During the first lockdown, almost without hesitation, some 15,000 rough sleepers were provided with a place to sleep. But, despite plummeting outdoor temperatures and soaring infection rates, the ‘Everyone In’ scheme was not extended into the second or third phases.
This is emblematic of our country’s reactive housing policy over the past decade, and a quick glance at the wider status quo shows further cause for alarm.
Last year it was found that around 8 million people are living in unaffordable, insecure, or unsuitable homes throughout the country. On top of that, it was recently estimated that 130,000 children are currently living in temporary accommodation.
The problem is particularly acute in Greater Manchester, where 48 percent of young renters have had to cut down on basic essentials due to increased housing costs. Across the region, 13,000 people are now on the housing register, desperate for affordable housing.
Yet the perennial housing crisis, to which there are clear solutions, is still only approached with ad hoc responses. Discourse on housing is rife with populist pledges that never materialise, and flagship programmes are most often backed with feeble levels of funding.
In 2009, Boris Johnson—then Mayor of London—proposed to eradicate homelessness in the city within three years. Instead, the opposite happened, and homelessness increased by nearly 50 per cent. Of course, this did nothing to tarnish his reputation, and the problem was once again swept under the carpet.
The recently unveiled Affordable Homes Programme (2021-2026) is another example. Within this period, the government hopes to build 180,000 ‘affordable’ homes.
The first eyebrow raised is due to the fact there is no guarantee this figure will be reached by 2026. While not wanting to be pessimistic, you only have to go as far back as February for an example of the government missing its social housing targets by over two thirds.
The funding also doesn’t come close to the scale that is required: roughly only £2 billion per year has been earmarked. Against a backdrop of 1.5 million people on social housing waiting lists, this is scarcely going to meet current demand.
It is also concerning because the term ‘affordable’ is now defined as 80 percent of the market rate. For the 13 million people living in low-income households, 80 percent is far from affordable. In Greater Manchester, for example, house prices have quadrupled in the last two decades.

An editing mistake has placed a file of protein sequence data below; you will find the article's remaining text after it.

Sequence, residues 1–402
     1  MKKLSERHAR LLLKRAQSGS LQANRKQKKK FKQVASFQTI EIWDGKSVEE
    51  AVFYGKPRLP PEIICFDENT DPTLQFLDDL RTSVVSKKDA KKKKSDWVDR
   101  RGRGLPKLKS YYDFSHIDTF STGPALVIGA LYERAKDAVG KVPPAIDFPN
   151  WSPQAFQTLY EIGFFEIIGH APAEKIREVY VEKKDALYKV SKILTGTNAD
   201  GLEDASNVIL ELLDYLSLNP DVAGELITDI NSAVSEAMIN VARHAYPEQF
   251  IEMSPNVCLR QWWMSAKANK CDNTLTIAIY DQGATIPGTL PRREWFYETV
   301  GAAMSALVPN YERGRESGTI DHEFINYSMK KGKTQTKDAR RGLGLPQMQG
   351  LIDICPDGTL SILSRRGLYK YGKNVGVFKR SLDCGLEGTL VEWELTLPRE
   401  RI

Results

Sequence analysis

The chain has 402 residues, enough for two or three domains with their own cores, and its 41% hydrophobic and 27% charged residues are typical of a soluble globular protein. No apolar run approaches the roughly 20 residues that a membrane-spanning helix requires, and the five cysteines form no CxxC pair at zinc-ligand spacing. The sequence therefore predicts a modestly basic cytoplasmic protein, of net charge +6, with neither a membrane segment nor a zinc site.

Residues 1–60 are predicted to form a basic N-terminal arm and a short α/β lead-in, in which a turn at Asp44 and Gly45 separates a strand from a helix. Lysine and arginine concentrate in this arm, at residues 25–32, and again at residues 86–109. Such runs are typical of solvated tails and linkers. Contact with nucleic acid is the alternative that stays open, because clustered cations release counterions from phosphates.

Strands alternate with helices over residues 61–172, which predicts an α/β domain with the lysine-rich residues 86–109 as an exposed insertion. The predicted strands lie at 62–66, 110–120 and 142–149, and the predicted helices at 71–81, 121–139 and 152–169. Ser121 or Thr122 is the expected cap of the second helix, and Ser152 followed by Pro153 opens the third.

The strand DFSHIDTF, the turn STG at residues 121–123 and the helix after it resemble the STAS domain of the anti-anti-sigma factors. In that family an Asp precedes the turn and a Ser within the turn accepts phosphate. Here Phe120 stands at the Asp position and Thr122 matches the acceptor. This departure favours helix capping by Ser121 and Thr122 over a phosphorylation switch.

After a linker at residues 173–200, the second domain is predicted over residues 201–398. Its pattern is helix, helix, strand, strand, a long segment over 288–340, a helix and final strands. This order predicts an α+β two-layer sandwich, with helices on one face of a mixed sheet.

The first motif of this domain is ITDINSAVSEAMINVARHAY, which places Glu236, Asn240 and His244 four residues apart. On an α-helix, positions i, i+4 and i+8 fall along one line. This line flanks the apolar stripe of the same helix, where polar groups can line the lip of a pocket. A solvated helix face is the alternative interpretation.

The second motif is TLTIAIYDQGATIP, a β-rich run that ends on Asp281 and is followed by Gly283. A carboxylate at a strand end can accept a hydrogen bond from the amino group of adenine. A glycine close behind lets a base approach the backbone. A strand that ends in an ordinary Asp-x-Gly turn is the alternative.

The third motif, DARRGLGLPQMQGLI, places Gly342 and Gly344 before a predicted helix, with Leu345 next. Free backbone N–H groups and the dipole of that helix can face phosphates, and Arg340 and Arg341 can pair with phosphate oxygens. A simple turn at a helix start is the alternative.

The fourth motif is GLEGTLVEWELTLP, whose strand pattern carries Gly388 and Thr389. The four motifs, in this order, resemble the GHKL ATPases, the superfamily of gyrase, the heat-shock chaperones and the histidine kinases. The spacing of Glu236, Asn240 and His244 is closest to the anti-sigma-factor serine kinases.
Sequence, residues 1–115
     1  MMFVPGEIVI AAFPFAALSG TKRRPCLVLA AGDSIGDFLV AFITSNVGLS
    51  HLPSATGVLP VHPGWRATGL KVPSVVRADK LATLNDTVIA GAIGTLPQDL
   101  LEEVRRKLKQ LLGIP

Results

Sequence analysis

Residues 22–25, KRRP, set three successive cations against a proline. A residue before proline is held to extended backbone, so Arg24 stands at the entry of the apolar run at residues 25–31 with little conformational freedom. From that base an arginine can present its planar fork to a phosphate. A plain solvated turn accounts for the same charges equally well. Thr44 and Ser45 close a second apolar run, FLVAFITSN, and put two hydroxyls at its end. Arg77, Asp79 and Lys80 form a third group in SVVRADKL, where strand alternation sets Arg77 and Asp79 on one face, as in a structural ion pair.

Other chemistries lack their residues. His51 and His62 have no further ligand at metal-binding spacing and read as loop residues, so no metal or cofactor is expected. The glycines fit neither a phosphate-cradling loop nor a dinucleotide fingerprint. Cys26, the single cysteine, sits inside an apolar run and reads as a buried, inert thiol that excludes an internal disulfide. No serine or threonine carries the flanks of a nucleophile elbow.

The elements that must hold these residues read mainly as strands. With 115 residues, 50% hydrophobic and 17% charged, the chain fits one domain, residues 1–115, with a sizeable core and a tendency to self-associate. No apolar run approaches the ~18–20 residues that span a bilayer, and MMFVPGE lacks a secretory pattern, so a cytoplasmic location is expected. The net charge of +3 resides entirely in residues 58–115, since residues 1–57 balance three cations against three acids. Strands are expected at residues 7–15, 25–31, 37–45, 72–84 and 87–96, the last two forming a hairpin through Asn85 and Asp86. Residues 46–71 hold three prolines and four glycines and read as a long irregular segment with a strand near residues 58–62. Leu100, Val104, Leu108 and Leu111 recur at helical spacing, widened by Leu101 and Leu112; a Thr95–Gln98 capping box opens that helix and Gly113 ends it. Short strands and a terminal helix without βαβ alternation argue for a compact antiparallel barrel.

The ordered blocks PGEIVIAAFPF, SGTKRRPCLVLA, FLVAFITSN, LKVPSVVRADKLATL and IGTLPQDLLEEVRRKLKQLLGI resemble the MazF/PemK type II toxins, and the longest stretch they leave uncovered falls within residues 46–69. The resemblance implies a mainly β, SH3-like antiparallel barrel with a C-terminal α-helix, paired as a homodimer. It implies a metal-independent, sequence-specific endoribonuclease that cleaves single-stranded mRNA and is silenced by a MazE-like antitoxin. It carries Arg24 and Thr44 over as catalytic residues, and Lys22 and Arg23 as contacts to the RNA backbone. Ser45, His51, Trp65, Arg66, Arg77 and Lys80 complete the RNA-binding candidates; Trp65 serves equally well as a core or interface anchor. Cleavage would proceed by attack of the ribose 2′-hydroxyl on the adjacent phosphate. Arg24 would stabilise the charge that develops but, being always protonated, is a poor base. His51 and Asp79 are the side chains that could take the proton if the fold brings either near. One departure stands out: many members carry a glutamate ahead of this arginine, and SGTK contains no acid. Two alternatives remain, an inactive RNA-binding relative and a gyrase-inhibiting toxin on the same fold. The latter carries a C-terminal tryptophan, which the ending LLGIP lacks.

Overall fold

Lastly, the Affordable Homes Programme is subject to change. There is no guarantee that funding will remain available, or that it will be followed through after the next election.
To overcome the short-termism within our politics, we need bold legislation that champions the right to housing for all, and ensures far-reaching policies as opposed to slapdash proposals.
In practical terms, a statutory right to housing would ensure that tenants gradually gain the protection they require, with the backing of the courts assuring security of tenure. The marginalised would have a voice, and violations would be swiftly addressed.
It would also more effectively allow for governments to be held to account on the issues of affordable housing and homelessness, and serve as a benchmark to appraise policies.
To make clear, it would not mean that everyone has the right to a free house provided by the government. Rather, it would mean that we begin to recognise that the level of adequate and affordable housing should not be solely dependent on market forces.
To offer some global context, the right to housing has recently been enacted in Canada. Following the historic legislation, the UN housing expert Leilani Farha asserted that: ‘it establishes in law creative mechanisms to monitor and hold the government accountable, and ensures access to remedies to address systemic barriers… This model can serve as an example for countries all over the world.’
A year on from the beginnings of this pandemic, there is an opportunity to follow Canada’s lead and start this transition now. The issues of affordable housing and homelessness have been laid bare by Covid-19, and if we are to resolve them, they need to be viewed as issues of human rights. Only then do we have a hope that the current political divide can be breached, and lasting change can finally be enacted.